HC Deb 25 February 1839 vol 45 cc848-75

On the Order of the Day for the Second reading of the Ecclesiastical Duties and Revenues Bill being read,

Lord J. Russell moved, that the Clerk at the Table do read certain extracts from Addresses in answer to Speeches from the Throne, relating to Ecclesiastical Reform.

The Clerk

having read the following passage from the Address of the Commons in answer to the Speech from the Throne, at the opening of the Session of 1833:— Our attention will also be directed to the state of the Church, more particularly as regards its temporalities and the maintenance of the clergy; that we are aware of the complaints which have arisen from the collection of tithes, and that in any change of system which may in consequence appear to be necessary we shall be anxious, without diminishing the means of maintaining the established clergy in respectability and usefulness, to prevent the collision of interests and the consequent disagreement and dissatisfaction which have too frequently prevailed between the ministers of the Church and the parishioners: we shall also be ready to consider what remedies may be applied for the correction of acknowledged abuses, and whether the revenues of the Church may not admit of a more equitable and judicious distribution," &c.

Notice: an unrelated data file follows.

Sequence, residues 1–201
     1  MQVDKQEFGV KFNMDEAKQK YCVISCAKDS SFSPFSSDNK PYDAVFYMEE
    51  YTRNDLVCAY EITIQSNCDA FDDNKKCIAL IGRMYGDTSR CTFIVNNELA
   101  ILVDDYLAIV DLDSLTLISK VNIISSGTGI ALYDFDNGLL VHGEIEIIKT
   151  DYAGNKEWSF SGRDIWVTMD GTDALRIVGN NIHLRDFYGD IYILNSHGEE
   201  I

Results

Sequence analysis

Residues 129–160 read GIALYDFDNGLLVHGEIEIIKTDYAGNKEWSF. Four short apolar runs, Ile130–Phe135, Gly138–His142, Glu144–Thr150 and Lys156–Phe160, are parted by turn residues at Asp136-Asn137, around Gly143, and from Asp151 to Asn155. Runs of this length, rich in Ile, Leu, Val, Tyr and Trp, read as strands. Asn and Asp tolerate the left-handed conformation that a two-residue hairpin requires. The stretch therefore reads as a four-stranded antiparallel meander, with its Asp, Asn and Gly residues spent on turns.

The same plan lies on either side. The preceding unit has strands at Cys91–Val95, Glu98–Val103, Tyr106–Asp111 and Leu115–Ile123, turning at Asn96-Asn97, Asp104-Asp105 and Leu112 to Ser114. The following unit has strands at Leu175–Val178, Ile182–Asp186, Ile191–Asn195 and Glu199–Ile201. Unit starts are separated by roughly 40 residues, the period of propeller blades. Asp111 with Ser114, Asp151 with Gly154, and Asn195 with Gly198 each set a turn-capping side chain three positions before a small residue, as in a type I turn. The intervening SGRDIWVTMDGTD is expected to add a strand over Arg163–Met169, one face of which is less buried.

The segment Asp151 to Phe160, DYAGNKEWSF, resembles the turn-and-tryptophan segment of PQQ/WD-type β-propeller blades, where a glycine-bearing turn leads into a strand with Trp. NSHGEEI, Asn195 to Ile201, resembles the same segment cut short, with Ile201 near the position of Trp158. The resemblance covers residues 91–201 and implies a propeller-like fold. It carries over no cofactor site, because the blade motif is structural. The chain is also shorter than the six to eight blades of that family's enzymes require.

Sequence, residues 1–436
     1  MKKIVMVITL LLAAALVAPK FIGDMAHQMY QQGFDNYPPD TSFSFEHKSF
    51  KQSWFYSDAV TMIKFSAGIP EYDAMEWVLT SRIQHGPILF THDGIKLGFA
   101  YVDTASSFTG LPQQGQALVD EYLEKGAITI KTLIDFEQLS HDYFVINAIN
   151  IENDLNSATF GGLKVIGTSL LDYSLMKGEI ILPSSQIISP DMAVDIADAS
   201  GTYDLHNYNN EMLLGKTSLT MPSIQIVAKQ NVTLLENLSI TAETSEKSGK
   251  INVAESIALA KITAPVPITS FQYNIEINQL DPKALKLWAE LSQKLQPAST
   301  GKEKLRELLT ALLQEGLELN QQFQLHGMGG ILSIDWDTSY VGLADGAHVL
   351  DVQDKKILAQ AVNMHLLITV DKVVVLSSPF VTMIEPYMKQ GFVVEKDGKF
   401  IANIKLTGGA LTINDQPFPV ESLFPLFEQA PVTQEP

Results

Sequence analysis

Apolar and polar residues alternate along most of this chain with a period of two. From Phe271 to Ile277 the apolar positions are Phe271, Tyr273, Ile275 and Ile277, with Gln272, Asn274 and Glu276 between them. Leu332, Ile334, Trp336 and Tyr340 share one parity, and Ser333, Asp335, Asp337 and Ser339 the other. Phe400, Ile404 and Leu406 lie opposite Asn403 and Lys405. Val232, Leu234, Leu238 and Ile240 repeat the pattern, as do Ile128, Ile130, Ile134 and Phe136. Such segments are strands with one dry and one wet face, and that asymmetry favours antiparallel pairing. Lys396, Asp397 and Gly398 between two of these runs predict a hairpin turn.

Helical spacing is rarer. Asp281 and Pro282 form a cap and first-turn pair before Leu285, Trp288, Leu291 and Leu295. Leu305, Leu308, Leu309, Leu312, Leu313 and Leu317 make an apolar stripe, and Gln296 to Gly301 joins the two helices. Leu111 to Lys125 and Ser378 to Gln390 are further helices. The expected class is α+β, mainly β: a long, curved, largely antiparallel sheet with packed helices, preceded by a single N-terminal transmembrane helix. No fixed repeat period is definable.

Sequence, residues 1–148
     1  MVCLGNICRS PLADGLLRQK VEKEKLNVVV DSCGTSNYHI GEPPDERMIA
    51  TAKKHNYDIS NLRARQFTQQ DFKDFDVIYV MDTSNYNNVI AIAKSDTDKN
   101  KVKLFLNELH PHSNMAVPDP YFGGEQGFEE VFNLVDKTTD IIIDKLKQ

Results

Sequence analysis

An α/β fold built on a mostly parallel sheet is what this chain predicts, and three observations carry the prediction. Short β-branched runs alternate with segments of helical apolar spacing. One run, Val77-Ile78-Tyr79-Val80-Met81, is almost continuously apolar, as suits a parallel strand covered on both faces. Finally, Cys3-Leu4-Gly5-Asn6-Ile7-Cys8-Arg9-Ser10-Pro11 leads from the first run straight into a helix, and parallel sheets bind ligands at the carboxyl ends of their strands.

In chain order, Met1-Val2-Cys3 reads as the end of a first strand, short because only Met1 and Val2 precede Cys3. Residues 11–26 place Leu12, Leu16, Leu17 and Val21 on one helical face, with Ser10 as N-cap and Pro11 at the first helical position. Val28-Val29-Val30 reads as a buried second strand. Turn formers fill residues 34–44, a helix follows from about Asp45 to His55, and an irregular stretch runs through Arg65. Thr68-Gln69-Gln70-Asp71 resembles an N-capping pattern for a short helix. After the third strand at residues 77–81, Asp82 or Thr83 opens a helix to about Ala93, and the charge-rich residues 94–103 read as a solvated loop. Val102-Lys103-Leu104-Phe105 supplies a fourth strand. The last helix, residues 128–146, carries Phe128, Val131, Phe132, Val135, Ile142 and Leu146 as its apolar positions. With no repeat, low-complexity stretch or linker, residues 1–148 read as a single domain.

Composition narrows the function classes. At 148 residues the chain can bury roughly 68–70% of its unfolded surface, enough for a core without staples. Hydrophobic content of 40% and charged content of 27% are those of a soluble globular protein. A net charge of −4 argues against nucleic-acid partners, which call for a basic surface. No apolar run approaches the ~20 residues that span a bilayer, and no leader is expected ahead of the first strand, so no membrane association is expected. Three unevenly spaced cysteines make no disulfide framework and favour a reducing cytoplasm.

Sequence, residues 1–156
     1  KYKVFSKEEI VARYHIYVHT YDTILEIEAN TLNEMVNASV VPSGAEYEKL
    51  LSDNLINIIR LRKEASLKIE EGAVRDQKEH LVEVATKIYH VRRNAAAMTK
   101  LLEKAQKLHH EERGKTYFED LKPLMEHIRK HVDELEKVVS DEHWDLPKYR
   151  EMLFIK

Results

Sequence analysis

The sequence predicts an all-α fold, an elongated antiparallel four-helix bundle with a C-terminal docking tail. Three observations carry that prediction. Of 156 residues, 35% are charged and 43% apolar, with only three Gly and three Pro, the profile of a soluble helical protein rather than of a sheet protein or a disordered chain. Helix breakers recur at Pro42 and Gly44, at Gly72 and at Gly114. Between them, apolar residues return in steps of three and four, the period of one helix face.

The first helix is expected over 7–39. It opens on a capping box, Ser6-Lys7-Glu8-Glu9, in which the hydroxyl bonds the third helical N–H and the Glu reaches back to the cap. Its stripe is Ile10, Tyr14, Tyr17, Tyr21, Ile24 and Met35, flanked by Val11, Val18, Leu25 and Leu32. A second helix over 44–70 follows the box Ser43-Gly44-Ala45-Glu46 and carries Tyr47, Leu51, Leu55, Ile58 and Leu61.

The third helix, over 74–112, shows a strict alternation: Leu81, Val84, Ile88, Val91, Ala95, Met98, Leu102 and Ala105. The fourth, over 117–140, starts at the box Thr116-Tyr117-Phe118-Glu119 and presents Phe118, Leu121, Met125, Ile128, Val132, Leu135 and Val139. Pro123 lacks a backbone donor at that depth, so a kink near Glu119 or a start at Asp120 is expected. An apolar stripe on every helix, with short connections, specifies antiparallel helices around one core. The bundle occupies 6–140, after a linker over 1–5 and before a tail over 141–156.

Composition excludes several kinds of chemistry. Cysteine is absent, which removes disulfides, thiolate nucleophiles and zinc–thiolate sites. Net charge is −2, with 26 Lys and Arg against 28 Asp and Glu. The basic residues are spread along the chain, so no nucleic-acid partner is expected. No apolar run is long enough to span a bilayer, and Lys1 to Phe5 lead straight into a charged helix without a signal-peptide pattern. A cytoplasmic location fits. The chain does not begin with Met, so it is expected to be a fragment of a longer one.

Lord J. Russell